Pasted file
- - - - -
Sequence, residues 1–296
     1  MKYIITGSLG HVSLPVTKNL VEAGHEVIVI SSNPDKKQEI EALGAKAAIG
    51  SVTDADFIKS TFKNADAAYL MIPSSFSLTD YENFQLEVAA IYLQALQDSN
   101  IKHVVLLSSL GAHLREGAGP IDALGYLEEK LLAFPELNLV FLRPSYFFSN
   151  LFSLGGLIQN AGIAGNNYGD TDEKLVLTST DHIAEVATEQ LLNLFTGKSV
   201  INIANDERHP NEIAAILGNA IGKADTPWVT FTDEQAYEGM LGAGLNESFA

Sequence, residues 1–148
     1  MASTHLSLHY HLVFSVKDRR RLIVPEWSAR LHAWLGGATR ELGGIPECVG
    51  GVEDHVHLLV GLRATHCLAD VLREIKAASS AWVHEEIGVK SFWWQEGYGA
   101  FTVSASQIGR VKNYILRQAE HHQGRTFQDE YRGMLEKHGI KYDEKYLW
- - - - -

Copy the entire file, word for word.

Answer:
Sequence, residues 1–296
     1  MKYIITGSLG HVSLPVTKNL VEAGHEVIVI SSNPDKKQEI EALGAKAAIG
    51  SVTDADFIKS TFKNADAAYL MIPSSFSLTD YENFQLEVAA IYLQALQDSN
   101  IKHVVLLSSL GAHLREGAGP IDALGYLEEK LLAFPELNLV FLRPSYFFSN
   151  LFSLGGLIQN AGIAGNNYGD TDEKLVLTST DHIAEVATEQ LLNLFTGKSV
   201  INIANDERHP NEIAAILGNA IGKADTPWVT FTDEQAYEGM LGAGLNESFA

Sequence, residues 1–148
     1  MASTHLSLHY HLVFSVKDRR RLIVPEWSAR LHAWLGGATR ELGGIPECVG
    51  GVEDHVHLLV GLRATHCLAD VLREIKAASS AWVHEEIGVK SFWWQEGYGA
   101  FTVSASQIGR VKNYILRQAE HHQGRTFQDE YRGMLEKHGI KYDEKYLW